The Athletic’s Eric Duhatschek chose to engage in a thought experiment this past week, contracting the NHL from a 32-league team to a 12-team league, and the results thereof would be positive for the Red Wings, as Max Bultman noted:
Based off the question “what if the NHL never expanded beyond 12 teams?” we at The Athletic conducted a “contraction draft” to condense the teams’ talent pools and show what the average roster would look like — how absurd the talent concentration would be, but also what would be lost by keeping the league small. Each team got to protect four active players to preserve its essence, but, as will be no surprise to Red Wings’ fans, that left me at a bit of a disadvantage as their pseudo-GM. Toronto protected four superstars. My last spot was down to Filip Hronek — a rookie who hasn’t even played a full season — and Tyler Bertuzzi, a great player for the current Red Wings, and a prime example of how much of the game would be lost if the league was still so small …but one who ultimately didn’t end up drafted in our simulation.
I kept Hronek for two reasons: one, I didn’t want to protect just forwards; and two, the ultimate assessment of our teams was to be done via simulation. I was hoping Hronek’s combination of production and youth could give him a slight boost in the analytics models.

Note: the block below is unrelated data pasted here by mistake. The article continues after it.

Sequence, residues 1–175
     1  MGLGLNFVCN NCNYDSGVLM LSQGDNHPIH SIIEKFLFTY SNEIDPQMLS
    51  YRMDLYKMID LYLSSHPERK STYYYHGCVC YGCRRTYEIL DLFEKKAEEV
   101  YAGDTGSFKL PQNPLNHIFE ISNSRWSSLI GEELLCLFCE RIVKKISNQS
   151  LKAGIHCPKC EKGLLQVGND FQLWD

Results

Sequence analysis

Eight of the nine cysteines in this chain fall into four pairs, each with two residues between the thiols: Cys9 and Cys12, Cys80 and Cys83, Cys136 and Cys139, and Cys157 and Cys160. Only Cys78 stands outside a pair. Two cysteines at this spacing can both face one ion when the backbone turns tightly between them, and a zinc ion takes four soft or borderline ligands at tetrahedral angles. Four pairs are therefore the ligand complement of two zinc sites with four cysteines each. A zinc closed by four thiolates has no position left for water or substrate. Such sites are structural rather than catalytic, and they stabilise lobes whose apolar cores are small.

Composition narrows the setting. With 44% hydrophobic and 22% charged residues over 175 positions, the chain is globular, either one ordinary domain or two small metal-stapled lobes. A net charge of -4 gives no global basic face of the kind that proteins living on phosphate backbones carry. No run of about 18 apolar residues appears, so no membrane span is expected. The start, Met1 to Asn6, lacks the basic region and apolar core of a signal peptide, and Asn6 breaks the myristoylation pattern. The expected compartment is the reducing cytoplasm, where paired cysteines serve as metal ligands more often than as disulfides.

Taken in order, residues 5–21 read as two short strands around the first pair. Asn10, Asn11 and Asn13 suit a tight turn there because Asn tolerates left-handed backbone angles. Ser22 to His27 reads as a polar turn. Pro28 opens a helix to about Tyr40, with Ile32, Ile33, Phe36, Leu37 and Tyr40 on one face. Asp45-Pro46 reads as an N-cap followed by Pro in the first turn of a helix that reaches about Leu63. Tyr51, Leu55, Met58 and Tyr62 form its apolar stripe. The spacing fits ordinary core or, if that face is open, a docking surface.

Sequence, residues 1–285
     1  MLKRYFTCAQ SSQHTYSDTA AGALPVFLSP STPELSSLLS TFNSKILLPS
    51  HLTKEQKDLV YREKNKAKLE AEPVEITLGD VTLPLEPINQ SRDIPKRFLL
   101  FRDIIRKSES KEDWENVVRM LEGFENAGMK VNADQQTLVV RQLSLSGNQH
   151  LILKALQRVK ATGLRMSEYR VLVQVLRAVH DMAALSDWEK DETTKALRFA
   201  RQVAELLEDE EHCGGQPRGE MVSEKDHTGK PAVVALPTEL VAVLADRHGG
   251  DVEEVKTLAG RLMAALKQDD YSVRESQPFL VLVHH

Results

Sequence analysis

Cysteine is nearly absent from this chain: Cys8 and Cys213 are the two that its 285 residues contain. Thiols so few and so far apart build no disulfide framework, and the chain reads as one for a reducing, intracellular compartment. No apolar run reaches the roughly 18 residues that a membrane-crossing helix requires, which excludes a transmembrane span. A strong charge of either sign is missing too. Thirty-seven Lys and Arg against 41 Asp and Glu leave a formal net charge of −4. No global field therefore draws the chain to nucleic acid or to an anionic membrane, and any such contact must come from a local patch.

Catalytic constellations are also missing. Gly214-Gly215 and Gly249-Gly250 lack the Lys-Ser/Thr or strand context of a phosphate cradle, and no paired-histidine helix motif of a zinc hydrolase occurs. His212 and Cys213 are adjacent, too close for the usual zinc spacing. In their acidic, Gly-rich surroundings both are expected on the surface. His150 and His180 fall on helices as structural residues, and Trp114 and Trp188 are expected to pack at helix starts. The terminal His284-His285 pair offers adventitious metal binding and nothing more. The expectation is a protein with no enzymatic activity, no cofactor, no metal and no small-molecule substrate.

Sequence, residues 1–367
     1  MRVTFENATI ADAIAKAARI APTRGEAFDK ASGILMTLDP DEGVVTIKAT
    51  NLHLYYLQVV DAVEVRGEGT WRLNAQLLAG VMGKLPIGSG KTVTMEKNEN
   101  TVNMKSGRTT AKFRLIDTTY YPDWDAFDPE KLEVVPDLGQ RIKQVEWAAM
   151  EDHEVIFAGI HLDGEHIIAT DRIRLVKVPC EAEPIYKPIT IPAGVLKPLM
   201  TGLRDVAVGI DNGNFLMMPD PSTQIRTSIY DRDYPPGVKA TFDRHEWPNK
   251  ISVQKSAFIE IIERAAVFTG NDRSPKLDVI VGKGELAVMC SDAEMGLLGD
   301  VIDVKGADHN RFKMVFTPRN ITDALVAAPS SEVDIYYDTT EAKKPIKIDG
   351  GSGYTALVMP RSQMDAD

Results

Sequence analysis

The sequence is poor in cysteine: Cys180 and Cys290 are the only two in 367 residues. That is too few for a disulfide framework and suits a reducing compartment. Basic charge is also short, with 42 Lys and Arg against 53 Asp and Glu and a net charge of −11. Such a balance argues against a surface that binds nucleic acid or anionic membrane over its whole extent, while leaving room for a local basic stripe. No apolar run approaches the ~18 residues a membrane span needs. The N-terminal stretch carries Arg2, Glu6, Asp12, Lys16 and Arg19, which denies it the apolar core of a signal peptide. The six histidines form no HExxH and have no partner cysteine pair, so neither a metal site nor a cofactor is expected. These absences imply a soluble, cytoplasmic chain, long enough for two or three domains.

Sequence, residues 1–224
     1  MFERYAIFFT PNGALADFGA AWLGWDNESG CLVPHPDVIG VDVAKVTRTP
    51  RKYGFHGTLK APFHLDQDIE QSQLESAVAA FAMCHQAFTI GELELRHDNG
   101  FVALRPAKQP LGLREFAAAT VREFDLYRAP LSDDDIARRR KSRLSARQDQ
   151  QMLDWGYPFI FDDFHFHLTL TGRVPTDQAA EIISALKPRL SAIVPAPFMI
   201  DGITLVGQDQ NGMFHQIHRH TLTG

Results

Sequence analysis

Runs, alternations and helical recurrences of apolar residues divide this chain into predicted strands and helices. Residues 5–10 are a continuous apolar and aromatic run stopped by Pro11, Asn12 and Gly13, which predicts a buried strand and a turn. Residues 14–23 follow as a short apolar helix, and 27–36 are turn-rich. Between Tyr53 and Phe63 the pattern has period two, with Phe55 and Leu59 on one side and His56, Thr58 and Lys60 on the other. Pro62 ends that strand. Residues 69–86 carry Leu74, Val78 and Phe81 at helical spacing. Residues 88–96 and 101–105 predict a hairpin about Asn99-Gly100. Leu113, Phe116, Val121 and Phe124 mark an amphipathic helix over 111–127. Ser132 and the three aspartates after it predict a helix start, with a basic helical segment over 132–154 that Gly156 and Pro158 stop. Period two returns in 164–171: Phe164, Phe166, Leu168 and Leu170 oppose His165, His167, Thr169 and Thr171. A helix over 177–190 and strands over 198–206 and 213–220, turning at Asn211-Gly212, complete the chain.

And when it came time to make some picks, my draft strategy followed a similar set of goals. I consulted with friend of The Athletic (and Analytics Knower) Prashanth Iyer before the draft and decided to prioritize elite forwards early on, load up on defense in the middle rounds and then try and find some late-round gems to fill out the bottom six. I couldn’t have been happier when, after drafting MacKinnon second overall, I got Taylor Hall and Matthew Tkachuk at the next turn. Combining them with Dylan Larkin, that gave me four borderline elite forwards to build around, with keeper Anthony Mantha and middle-round sleeper Viktor Arvidsson filling out the top six.
Bultman continues (paywall)